Libraries have always embraced technology, from the Dewey Decimal System, computerised cataloging and solid public internet access, libraries are a hive of techo-activity. The row upon row of racked books have left libraries with an image of stuffiness, hiding the technological machinations behind their operation. The ability to search a catalog online means readers no longer have to trip down to the local library to see if the book we’re after is available or not. Just to prove they are in the swing, libraries across the U.S. are now allowing bookworms to borrow a book from the comfort of their favorite armchair. More than 10,000 local libraries in the U.S. are set to lend eBooks that can be viewed on Kindle eReaders as well as devices running the Kindle App. Read the full article »»»»
I would normally churn through a book in a day, not skimming but reading. Mazower’s Dark Continent took 3 days and I’m now on my 3rd round, simply, I LOVE THIS BOOK. The premise is one that I’ve always found arduous to put into words: Our now perspective of history has little to do with the events that took place, the events that created what we now call history .
“Mark Mazower’s Dark Continent: Europe’s Twentieth Century. Be warned, this book has the ability to become an obsession”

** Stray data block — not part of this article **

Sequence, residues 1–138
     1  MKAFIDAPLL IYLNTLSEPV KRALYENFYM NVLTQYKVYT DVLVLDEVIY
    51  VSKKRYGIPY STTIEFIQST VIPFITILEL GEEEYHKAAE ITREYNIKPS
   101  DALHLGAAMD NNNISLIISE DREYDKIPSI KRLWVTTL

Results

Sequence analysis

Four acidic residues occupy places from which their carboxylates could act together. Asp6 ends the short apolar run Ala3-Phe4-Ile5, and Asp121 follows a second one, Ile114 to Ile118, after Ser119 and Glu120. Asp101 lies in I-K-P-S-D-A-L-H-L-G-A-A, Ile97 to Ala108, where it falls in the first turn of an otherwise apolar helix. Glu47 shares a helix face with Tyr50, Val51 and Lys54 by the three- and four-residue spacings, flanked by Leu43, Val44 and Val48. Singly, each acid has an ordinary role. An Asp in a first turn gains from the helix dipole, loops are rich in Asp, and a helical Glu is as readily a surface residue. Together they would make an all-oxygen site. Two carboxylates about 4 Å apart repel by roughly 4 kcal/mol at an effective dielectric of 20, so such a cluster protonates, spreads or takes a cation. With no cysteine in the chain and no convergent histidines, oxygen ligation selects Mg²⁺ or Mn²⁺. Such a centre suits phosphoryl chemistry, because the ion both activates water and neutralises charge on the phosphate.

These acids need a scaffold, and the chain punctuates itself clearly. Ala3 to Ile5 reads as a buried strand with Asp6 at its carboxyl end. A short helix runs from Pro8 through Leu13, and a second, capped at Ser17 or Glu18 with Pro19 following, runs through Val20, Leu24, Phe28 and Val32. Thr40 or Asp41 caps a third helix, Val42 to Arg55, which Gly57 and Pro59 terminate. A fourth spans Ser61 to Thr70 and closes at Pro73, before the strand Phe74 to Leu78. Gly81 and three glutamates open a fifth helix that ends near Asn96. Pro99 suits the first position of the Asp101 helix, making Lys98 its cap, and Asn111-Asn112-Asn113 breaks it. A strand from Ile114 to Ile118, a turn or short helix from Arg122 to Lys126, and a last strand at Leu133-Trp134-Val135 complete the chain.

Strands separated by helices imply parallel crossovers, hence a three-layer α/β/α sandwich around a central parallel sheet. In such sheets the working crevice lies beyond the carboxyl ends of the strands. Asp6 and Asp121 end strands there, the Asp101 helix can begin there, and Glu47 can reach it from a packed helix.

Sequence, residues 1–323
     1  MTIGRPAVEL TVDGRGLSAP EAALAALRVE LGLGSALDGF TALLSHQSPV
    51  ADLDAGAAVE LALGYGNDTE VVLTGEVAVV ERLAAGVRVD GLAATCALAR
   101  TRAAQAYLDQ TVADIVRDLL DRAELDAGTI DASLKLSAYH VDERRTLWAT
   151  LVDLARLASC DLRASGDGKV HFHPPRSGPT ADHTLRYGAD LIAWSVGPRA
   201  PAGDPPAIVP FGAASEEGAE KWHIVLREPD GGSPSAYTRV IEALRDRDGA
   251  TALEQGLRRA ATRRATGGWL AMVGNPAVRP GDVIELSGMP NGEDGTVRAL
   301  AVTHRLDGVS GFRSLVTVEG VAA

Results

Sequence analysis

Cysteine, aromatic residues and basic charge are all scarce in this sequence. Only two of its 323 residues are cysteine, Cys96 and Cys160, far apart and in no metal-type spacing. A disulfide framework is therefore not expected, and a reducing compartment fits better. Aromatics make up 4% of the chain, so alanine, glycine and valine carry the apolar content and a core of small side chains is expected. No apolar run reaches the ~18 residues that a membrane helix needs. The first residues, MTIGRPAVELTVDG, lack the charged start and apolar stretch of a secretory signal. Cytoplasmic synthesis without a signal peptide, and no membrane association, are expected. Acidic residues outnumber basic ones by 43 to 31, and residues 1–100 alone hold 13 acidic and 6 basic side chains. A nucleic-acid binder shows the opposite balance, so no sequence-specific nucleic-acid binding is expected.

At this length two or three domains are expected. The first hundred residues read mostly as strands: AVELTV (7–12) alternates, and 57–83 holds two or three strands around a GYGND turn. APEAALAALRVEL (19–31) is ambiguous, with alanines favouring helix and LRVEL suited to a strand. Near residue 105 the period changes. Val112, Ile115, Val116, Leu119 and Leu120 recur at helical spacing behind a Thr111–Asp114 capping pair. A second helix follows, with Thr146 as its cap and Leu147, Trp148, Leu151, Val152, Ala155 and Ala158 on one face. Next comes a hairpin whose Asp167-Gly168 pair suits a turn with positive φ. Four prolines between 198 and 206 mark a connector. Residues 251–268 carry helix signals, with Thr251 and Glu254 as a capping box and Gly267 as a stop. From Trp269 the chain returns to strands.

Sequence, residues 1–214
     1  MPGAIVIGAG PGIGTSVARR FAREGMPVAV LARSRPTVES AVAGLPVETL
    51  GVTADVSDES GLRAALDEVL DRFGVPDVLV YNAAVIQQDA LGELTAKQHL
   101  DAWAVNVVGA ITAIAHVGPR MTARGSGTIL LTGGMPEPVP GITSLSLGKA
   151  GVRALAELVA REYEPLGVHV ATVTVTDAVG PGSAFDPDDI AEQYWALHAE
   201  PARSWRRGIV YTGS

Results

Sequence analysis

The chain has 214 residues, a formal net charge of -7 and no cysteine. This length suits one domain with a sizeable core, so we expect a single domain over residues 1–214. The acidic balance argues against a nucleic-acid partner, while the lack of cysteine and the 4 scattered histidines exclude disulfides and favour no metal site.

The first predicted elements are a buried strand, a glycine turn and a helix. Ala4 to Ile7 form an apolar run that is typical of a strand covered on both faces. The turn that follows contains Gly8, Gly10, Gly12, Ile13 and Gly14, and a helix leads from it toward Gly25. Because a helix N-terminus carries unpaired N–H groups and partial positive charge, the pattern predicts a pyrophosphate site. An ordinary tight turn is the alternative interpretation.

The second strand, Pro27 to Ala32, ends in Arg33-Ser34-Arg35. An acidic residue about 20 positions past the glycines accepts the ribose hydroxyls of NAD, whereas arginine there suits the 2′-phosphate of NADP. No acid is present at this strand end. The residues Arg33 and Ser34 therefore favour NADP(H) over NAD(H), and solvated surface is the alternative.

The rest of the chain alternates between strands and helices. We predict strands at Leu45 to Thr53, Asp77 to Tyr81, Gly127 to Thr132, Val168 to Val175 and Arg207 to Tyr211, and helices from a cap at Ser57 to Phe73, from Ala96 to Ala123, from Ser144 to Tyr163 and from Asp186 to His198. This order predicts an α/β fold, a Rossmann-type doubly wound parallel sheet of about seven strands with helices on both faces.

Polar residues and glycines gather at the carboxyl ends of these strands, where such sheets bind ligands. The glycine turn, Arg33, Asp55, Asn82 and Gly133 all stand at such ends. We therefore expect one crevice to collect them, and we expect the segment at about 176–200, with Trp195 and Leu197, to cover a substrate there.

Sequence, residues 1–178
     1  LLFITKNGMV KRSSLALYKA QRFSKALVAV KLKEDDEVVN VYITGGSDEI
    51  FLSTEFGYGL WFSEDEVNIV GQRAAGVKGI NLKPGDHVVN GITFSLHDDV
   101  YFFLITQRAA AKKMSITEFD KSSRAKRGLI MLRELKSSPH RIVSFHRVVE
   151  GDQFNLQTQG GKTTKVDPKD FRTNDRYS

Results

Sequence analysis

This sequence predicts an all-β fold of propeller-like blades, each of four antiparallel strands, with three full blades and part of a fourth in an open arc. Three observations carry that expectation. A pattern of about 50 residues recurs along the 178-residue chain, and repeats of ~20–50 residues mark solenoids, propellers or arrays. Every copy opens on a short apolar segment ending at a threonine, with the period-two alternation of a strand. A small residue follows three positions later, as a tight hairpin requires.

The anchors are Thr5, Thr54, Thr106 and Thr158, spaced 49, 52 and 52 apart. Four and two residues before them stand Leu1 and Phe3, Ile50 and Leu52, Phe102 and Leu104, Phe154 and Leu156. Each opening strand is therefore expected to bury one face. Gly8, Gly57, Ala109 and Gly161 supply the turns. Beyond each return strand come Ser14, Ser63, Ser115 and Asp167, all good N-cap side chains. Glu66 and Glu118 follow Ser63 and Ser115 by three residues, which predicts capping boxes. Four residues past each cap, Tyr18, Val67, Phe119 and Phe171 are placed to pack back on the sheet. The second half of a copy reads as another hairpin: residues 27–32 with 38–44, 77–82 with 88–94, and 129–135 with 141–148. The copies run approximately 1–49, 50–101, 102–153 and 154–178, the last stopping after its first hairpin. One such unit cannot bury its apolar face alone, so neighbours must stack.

Mazower describes his book as: Dark Continent provides an alternative history of the twentieth century, one in which the triumph of democracy was anything but a forgone conclusion and fascism and communism provided rival political solutions that battled and sometimes triumphed in an effort to determine the course the continent would take. Mark Mazower strips away myths that have comforted us since World War II, revealing Europe as an entity constantly engaged in a bloody project of self-invention. Here is a history not of inevitable victories and forward marches, but of narrow squeaks and unexpected twists, where townships boast a bronze of Mussolini on horseback one moment, only to melt it down and recast it as a pair of noble partisans the next. Unflinching, intelligent, Dark Continent provides a provocative vision of Europe’s past, present, and future.
CONTINUED: Read the full article »»»»